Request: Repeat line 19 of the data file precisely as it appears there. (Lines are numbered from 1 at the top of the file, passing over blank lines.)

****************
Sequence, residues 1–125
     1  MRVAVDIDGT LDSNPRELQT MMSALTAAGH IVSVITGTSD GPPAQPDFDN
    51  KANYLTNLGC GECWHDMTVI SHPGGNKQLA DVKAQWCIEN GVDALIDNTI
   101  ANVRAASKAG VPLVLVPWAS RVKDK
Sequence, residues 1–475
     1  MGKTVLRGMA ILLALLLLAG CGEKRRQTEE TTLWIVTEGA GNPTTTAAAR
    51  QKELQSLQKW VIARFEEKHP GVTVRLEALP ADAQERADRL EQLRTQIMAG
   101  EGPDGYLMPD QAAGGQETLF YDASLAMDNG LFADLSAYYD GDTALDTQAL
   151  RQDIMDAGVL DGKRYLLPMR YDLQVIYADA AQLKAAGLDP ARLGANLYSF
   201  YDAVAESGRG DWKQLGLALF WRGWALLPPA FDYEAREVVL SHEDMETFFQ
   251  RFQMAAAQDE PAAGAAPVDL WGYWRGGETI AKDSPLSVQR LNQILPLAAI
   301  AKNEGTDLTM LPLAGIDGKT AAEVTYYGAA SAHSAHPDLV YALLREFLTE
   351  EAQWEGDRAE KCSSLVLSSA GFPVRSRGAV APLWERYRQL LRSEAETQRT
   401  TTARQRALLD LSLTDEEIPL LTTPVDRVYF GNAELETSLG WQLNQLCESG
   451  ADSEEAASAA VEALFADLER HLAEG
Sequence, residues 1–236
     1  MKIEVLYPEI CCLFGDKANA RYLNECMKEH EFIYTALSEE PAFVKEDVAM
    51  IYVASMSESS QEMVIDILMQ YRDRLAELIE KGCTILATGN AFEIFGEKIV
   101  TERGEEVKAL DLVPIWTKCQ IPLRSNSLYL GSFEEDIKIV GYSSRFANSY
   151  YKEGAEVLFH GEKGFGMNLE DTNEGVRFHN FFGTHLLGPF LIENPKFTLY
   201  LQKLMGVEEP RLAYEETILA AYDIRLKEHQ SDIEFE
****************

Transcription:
   101  TERGEEVKAL DLVPIWTKCQ IPLRSNSLYL GSFEEDIKIV GYSSRFANSY